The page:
Warfarin - oral

Patient Medicine Information
Why do I need this medicine?
Warfarin is a blood-thinning medicine. It prevents special cells in the blood from sticking to each other. This reduces the risk of harmful blood clots forming in your body. Blood clots that form in a blood vessel inside the brain or in a vessel leading to the brain can cause a stroke.

This medicine is used to prevent or treat pulmonary embolism (blood clots in a lung artery). It is also used to prevent clotting in the heart due to irregular heartbeats.

Warfarin is also used to prevent blood clots in people with artificial heart valves or those with faulty heart valves. This medicine may also be used to treat other conditions such as blood circulation problems in the leg or heart.
How do I take this medicine?
Take Warfarin exactly as directed by your doctor or according to the instructions on the label. Do not take more or less than instructed by your doctor.

You may take Warfarin with or without food. Try to take it at the same time each day.

The dose of this medicine will be decided by your doctor. Your doctor will advise you on the treatment timeframe depending on the type and severity of your condition.

This medicine must be taken regularly for it to be effective. Continue taking Warfarin even when you feel better. This medicine is not a cure for your condition, and you may need to take it for an indefinite length of time. Do not stop taking Warfarin unless instructed by the doctor.
What should I do if I have forgotten to take this medicine?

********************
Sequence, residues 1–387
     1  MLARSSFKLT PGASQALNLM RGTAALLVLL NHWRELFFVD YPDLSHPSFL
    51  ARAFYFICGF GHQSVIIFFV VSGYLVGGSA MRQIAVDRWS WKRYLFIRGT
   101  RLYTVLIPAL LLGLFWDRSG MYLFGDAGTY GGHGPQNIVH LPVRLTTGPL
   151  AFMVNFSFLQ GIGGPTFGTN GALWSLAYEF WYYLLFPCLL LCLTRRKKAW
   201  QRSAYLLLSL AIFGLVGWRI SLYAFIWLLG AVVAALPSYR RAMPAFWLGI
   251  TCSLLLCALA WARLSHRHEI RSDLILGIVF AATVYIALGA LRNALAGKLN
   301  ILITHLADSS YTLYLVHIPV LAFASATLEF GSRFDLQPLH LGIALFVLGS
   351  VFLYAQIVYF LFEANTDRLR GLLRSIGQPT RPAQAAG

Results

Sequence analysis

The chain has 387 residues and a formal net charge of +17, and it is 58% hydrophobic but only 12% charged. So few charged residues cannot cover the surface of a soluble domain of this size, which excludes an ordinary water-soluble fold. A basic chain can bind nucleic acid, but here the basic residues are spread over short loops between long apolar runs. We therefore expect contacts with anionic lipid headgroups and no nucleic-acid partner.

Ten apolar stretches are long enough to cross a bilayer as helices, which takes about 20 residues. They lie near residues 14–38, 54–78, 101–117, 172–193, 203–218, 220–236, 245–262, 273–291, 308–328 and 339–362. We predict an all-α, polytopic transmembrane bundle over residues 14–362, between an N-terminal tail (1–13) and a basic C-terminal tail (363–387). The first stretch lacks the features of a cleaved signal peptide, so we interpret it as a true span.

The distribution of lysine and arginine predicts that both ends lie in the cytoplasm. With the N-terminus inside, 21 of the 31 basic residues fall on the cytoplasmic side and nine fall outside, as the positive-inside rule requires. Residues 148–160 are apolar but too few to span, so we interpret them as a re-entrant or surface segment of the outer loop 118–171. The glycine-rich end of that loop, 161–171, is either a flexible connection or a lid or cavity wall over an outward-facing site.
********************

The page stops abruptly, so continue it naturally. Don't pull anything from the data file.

Take the missed dose as soon as you remember. If it is almost time for your next dose, skip the missed dose and return to your normal dosing schedule.

DO NOT double a dose under any circumstances.

If you often forget to take your medicine, let your doctor and pharmacist know.
When should I not use this medicine?
Alert your doctor if you have the following conditions:
  • risk of serious bleeding e.g. recent brain or spinal injury
  • stomach ulcers, especially if you have bled from a stomach ulcer
  • high blood pressure that is severe or not well-controlled
  • blood disorders
  • recently had surgery or operation
as Warfarin may not be suitable for you.

Do not take Warfarin if you are pregnant or planning to have a baby soon. If you become pregnant while being treated with this medicine, alert your doctor immediately. Warfarin may cause harm to your unborn child. You must use proven birth control methods while taking this medicine. You may wish to discuss birth control methods with your doctor.